Intro to Philosophy – Week 1 – What is Philosophy

As I’ve been doing so much reading on things like theory, complexity science, and research methodology, I’ve been reading more and more papers with words like epistemology and ontology, and it’s prompted me to do a bit of a refresher on philosophy. I’ve never actually done a Philosophy 101 type of course – my philosophy education has been pieced together from a few philosophy courses during my various university degrees (specifically, biomedical ethics and critical thinking courses during my undergrad and a business ethics course from the philosophy department during my MBA), an ethics training course I took in my previous job so that I could serve as a consultant with the organization’s ethics department 1Sadly, I never got to put that into practice, as I left that organization for my current job before an ethics consult came up that I could participate in., and reading Sophie’s World and The Matrix and Philosophy. So I figured I should go back to basics and thus have enrolled in Introduction to Philosophy, offered by the University of Edinburgh on Coursera.

What is Philosophy?

  • is both an subject and an activity – philosophy is what philosopher’s do
  • Dr. Ward’s definition “the activity of working out the right way of thinking about things”
    • all subjects try to think about their domains in the right way, but what makes philosophy different is that working in other subjects involves doing the work of, say, physics, (e.g., collecting data, developing theories, testing theories), while philosophy involves stepping back from that work and working out the right way to think about things (e.g., “what does it mean by “physical reality”? “what distinguishes a good scientific theory from a bad one?”)
    • another example: medicine involves trying to treat people’s illness based on an understanding of the best available medical theory. That used to mean trying to balance black bile and yellow bile, because it was believed that diseases were caused by imbalances in the “humours”. But philosophy of medicine involves stepping back and thinking about how we understand “health” and “illness” (e.g., perhaps noticing that balancing black bile and yellow bile didn’t actually work to heal people would lead people to think about their understanding of causes of illness).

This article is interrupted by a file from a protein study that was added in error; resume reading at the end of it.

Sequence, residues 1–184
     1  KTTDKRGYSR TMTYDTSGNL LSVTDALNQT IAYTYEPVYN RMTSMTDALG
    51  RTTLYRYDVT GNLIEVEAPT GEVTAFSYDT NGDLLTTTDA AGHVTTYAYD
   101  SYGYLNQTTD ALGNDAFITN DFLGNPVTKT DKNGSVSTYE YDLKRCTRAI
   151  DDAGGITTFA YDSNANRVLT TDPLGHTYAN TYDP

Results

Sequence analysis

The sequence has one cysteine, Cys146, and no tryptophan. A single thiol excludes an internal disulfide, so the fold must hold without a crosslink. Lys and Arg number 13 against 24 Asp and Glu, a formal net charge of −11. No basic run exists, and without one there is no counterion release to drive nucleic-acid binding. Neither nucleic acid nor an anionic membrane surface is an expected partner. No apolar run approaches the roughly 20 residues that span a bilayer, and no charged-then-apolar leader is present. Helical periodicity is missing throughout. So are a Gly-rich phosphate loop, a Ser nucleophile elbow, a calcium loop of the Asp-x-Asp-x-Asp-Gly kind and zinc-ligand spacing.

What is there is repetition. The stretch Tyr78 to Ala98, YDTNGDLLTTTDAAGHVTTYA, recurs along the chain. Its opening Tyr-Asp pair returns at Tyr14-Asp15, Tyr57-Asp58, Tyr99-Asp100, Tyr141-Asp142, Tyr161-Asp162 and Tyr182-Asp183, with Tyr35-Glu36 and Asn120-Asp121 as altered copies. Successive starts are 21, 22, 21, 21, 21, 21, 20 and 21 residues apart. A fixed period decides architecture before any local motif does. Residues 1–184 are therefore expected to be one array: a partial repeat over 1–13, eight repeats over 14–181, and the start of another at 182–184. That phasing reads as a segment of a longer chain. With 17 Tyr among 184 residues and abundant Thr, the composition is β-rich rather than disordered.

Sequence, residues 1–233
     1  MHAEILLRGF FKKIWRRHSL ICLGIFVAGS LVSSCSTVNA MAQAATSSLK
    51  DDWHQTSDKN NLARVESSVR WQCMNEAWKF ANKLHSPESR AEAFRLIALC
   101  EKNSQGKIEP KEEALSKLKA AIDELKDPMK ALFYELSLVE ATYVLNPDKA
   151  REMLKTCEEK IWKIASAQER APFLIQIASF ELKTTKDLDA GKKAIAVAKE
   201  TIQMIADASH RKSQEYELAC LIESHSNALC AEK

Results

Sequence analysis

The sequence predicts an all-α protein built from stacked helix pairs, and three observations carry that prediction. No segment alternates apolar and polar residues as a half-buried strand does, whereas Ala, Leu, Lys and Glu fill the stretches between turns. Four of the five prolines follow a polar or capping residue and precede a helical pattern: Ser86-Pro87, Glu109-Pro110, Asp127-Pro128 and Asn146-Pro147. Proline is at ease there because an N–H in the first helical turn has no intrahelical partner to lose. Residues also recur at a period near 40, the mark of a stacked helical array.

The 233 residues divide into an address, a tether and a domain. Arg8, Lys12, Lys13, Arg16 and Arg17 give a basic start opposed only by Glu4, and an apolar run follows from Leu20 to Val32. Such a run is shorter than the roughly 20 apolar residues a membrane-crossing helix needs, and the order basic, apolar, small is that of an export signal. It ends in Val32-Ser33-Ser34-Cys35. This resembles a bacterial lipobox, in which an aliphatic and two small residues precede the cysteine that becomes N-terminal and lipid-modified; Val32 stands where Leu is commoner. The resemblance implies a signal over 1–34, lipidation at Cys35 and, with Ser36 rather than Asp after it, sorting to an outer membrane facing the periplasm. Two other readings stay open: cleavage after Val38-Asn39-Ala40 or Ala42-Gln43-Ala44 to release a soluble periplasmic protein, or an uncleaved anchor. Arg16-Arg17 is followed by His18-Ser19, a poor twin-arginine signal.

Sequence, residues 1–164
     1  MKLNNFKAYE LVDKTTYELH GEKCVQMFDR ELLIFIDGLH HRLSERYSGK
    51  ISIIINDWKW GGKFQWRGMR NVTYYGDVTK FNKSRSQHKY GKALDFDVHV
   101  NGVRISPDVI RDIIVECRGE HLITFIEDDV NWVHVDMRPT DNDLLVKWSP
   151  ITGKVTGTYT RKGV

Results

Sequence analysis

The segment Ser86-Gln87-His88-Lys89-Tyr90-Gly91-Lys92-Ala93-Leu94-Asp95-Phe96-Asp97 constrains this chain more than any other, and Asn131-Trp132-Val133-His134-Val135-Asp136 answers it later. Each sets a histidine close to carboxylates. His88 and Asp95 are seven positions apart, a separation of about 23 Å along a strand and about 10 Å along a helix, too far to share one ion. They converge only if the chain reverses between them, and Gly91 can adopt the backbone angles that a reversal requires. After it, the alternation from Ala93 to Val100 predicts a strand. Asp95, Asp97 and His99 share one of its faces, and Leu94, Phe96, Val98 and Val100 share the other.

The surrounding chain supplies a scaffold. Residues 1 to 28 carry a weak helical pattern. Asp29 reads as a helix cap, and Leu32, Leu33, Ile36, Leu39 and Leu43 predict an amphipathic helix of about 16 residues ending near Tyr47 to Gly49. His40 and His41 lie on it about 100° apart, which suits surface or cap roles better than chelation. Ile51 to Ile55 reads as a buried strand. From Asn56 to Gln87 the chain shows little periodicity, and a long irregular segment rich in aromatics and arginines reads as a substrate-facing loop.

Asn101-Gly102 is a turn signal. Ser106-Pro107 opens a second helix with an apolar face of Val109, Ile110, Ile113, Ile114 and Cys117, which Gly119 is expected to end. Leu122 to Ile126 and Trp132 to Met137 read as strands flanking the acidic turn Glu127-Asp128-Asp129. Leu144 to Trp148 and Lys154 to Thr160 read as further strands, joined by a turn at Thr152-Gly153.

• philosophical questions can arise from anywhere (you can always step back and ask questions about how you are thinking about something)
  • similar to when children ask you “why?” and when you answer, they ask you “why?” again, etc. – in this analogy, the philosopher is in the role of the child asking “why?” and in the role of the person trying to come up with answers
  • since we can ask philosophical questions about anything, they can be trivial, but they can also be very important (e.g., if we hadn’t asked philosophical questions about the way medicine was understood, we’d still be using leeches to treat most diseases)
  • in the past, people found it acceptable to enslave others or commit genocide – but today those ideas are indefensible. We don’t know which of our current beliefs/values will be looked back on as indefensible (e.g., farming animals for food; our treatment of the planet) – philosopher’s will step back and ask questions about these things

How Do You Do Philosophy?

  • the best way to learn how to do philosophy is to do it
  • working out the best way to think about something is something that we do naturally